As "Star Trek II: The Wrath of Khan" marks its 35th anniversary with a return to theaters for special screenings next week, star William Shatner is celebrating more than his long history as Captain Kirk.
At 86, the stalwart entertainer is busier than ever, starring in a reality series, competing as an equestrian, traveling with his one-man, writing books (his latest is on aging), making movies (including one he wrote) and launching a Twitter campaign to encourage charity and kindness that he calls the Ubuntu Project, referencing the South African concept of common humanity.
"Khan" — which Fathom Entertainment plans to screen at 600 theaters across the country on Sunday and Wednesday — stands out because "all my friends were in it," says Shatner, who talked with The Associated Press about that film and his other creative endeavors. Responses have been edited for clarity and brevity.
AP: How much does "Wrath of Khan" stand out in your career?
Shatner: Well it was a lovely film. I enjoyed doing it. All my friends were in it. It's been a long time. The actors, many of them are now no longer with us, and yet the film stands.
AP: Are you surprised the film still has such life?
Shatner: It's stupefying, really, that people still want to see it. And it's very popular.
AP: You released a book earlier this year about horses. How much time do you spend riding?
Shatner: I've just come back from world championship horse show, where I competed. My wife did, too. We're going away next week to another type of horse show in Las Vegas... Now I'm just finishing up a book on aging... That will be out next year, next spring or winter.
AP: You seem to see the sunny side of your fans on Twitter. How do you manage that?
Shatner: I'll give you one example: A man from a small town, Nanaimo on Vancouver Island, tweets that his son who's autistic will only eat pasta from a carton that has Star Wars stuff on it, but they've run out of the cartons in Nanaimo and can anybody help him. I retweeted that saying, "Let's help this man," and he received thousands of cartons from elsewhere of the food. Plus the Kraft company called and said to the young man, "We want your help in designing a new carton." That singular thing, who knows what affect that will have on an autistic kid? And the kindness of everybody to react to that man will change everybody's character for their lifetime. Multiply that by many, many instances of people seeking help and getting help from being on Twitter... I'm calling it the Ubuntu Project and I want you to feel your humanity by giving something — it could be innocuous, it may be nothing to give $10, but you're exercising your ubuntu.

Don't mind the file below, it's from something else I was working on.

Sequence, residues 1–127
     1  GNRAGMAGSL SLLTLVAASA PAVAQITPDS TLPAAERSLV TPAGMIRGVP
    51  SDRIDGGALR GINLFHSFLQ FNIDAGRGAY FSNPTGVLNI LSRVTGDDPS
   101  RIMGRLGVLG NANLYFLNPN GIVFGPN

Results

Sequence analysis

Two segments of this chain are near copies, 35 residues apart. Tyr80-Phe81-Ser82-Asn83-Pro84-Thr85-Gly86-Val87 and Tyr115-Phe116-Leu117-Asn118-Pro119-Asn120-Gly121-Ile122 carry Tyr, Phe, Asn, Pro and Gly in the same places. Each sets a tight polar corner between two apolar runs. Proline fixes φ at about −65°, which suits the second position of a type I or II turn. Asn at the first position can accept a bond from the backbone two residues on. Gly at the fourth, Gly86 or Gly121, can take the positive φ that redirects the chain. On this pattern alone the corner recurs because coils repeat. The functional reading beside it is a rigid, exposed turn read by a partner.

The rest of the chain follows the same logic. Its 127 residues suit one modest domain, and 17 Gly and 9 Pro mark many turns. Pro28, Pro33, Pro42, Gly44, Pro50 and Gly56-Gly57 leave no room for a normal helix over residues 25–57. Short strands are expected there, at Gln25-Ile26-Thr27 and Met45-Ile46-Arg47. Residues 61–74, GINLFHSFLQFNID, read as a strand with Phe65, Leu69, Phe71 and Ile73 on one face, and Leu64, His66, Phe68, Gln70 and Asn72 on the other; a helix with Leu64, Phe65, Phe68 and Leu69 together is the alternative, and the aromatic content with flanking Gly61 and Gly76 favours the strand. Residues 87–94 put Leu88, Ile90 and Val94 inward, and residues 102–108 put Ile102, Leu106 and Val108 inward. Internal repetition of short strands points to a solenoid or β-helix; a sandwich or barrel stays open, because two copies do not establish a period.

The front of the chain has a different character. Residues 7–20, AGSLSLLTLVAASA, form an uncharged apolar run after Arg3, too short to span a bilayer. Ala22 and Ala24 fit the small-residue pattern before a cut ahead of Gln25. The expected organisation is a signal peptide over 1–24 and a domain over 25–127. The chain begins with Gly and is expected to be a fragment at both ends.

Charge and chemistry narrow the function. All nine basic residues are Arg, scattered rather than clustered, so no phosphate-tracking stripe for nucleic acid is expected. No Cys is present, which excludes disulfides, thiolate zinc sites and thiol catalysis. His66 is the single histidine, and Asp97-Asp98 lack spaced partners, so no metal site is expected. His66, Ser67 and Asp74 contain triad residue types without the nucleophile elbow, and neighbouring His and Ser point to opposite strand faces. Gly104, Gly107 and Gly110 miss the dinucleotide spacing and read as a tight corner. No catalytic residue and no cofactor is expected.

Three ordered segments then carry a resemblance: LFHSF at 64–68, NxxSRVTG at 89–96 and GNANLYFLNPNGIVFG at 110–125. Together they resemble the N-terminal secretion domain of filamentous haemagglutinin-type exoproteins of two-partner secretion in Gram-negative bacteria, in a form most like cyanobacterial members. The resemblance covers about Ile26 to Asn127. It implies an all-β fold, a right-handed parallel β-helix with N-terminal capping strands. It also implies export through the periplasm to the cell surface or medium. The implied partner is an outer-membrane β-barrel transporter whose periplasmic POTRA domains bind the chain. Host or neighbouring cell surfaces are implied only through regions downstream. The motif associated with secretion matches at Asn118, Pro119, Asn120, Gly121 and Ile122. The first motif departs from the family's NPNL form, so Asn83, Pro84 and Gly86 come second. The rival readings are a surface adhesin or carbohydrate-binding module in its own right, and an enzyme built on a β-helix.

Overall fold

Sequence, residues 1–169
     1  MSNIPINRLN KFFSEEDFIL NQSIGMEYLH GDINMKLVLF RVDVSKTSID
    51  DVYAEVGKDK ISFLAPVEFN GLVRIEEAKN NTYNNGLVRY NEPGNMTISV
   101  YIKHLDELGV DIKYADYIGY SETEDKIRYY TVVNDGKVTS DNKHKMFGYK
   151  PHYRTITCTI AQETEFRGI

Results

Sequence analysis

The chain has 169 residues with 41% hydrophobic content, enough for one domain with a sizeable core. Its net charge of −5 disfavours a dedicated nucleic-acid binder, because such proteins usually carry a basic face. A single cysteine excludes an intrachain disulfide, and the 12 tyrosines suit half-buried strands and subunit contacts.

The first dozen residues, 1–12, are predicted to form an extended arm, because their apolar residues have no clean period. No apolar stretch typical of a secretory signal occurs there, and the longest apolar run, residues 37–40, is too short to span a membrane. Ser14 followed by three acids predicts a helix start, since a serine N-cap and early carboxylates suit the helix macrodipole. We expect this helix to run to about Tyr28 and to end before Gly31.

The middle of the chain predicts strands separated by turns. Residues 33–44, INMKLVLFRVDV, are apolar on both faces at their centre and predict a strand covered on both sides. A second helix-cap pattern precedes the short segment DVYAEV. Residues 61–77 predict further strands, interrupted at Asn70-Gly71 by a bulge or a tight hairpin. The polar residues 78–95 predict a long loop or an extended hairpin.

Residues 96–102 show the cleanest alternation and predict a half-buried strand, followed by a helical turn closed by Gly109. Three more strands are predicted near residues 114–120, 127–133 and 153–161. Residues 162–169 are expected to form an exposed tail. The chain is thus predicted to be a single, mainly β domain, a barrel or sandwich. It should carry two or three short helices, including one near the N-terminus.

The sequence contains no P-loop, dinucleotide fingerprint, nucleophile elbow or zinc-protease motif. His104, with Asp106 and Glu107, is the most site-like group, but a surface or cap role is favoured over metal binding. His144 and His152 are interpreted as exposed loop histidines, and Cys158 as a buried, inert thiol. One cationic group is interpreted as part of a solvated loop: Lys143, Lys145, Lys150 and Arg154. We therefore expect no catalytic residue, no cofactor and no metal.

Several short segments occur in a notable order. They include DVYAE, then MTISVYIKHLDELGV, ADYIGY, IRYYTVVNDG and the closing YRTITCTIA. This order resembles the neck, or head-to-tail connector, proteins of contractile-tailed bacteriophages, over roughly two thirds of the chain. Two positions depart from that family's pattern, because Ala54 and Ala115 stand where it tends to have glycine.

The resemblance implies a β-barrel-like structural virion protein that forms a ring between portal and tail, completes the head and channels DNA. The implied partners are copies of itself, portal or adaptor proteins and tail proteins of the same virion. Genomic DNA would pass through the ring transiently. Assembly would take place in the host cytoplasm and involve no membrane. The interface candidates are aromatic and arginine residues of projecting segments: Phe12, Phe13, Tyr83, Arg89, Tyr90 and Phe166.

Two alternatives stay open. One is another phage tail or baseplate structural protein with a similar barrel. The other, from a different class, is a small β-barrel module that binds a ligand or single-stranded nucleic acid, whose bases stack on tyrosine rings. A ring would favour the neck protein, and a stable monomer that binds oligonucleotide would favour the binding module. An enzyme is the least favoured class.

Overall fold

AP: You've embraced comedic roles later in your career. How intentional was that shift?
Shatner: When I started out in theater in Canada — I had about five years as a professional actor before I came down to the states — I did only light comedy... Then got into serious roles, and my ability to play comedy was shunned to the side there for a while, but I've always thought that the character I'm playing should have a sense of humor about something. Deadly serious is deadly in my opinion.
AP: You also showed a funnier side in "Better Late Than Never," the reality series you did last year with Henry Winkler, George Foreman and Terry Bradshaw.
Shatner: I just came back from six weeks of doing next season. It'll be on in January, I think. (NBC hasn't announced a premiere date.) We went to Europe! We had a lot of fun. A lot of funny things happened.
AP: You're starting another film soon. What can you say about it?
Shatner: It's called "Relic." I wrote the story and a friend of mine wrote the screenplay and we're going to make it in November.